What it is
Multi-factor authentication (MFA) is a digital authentication method that requires two or more distinct authentication factors for successful authentication. There are three authentication factors:
- something you know (e.g. password or PIN),
- something you have (e.g. proved by a passcode sent to or generated by a device or account), or
- something you are (e.g. a biometric, such as a fingerprint to unlock a phone).
Multi-factor authentication requires that authenticators come from two or more of the factors. Using two different passwords would not qualify.
Two-factor authentication (2FA), also known as two-step verification, is a common application of multi-factor authentication where two of the factors described above are included. For instance, a user account requiring both a password (something you know) and a one-time passcode sent to the user’s phone (something you have) employs two-factor authentication.
Why it matters
Multi-factor authentication makes it more difficult for a malicious actor to take over an account, even if they compromise one authenticator. This helps to reduce the chances that malicious actors will access sensitive network accounts or resources. For instance, if the password to an election-related email account is compromised and multi-factor authentication is not employed, then a malicious actor could access confidential emails, disseminate false information from the account, or spread malware. However, a malicious actor would need to have the phone associated with the email account if the login process also required a one-time passcode from a mobile phone that is associated with the account.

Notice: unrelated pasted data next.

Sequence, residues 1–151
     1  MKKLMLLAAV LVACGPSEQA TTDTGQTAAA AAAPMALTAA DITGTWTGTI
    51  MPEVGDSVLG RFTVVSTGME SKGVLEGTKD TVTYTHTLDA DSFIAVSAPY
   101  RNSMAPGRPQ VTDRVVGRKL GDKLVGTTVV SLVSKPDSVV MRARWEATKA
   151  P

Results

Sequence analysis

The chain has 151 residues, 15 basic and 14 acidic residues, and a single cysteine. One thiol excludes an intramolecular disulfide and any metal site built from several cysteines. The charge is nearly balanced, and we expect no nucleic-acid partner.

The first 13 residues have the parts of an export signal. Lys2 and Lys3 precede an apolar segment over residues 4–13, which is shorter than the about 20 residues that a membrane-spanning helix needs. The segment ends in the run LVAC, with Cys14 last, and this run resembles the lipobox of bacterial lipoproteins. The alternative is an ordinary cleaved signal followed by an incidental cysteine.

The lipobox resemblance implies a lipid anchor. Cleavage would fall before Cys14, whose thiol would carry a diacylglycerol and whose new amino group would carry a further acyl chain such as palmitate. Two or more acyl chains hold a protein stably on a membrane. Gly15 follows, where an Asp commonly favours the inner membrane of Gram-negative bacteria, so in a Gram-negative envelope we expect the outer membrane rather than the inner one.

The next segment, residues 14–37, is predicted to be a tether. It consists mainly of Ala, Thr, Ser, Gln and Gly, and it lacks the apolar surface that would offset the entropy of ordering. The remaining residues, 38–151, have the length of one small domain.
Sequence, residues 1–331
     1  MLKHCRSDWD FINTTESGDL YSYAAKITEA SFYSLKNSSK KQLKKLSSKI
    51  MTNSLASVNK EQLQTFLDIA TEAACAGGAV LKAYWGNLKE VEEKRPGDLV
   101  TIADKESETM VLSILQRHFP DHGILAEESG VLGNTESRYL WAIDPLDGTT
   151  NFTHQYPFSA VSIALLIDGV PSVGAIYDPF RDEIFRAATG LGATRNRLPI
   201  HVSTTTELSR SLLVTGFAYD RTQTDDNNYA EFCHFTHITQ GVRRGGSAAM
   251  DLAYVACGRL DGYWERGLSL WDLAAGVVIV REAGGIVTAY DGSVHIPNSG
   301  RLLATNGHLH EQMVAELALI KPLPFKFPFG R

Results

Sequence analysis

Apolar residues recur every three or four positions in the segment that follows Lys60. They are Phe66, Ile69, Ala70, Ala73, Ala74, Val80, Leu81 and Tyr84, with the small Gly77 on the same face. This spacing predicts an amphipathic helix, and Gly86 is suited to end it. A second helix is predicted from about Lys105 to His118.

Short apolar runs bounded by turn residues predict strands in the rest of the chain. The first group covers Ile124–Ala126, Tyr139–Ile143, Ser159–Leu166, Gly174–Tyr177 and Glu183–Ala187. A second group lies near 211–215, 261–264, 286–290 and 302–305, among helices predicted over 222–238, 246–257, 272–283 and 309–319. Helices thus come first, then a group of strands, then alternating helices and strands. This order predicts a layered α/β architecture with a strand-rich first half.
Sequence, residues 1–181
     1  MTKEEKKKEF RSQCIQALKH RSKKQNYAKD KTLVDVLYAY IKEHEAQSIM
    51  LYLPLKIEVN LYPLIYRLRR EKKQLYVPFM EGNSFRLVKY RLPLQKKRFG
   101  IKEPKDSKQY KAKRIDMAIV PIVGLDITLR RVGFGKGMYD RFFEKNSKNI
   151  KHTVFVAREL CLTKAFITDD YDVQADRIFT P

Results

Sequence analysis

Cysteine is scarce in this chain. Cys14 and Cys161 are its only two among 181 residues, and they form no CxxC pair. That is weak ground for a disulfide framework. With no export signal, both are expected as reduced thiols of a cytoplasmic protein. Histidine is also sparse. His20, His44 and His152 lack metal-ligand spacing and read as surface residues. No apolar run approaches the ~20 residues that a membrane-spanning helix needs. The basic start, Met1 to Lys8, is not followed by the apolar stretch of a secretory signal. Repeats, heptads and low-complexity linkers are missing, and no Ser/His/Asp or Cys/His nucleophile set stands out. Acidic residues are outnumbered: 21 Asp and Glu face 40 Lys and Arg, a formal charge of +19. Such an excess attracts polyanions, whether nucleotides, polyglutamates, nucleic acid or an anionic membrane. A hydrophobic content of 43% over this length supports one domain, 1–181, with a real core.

What you can do
The SCS recommends using multi-factor authentication for account access, in accordance with National Institute of Standards and Technology (NIST) Special Publication 800-63B and best practice #24 from the CIS Handbook for Elections Infrastructure Security. Multi-factor authentication should also be required for all user accounts that have access to sensitive data or systems, such as voter registration databases and social media accounts. Furthermore, require all remote login access, including those used by employees and vendors, to use multi-factor authentication.
While implementing multi-factor authentication, technical staff should conduct an assessment of all network accounts and their associated privileges, ensuring that any out-of-date or unused accounts are deactivated and permission levels are current and appropriate for each employee. It is important to adhere to the principle of least privilege so that employees only have access to the resources (networks, systems, and files) that are absolutely necessary to perform their assigned job function.
Where multi-factor authentication is not supported, user accounts should be required to use long passwords or passphrases (longer than 14 characters) that include uppercase and lowercase letters, numbers, and symbols. Additionally, users should not reuse passwords across multiple platforms, systems, or software, and the passwords should not include any personal information that someone might easily obtain, such as a name or date of birth.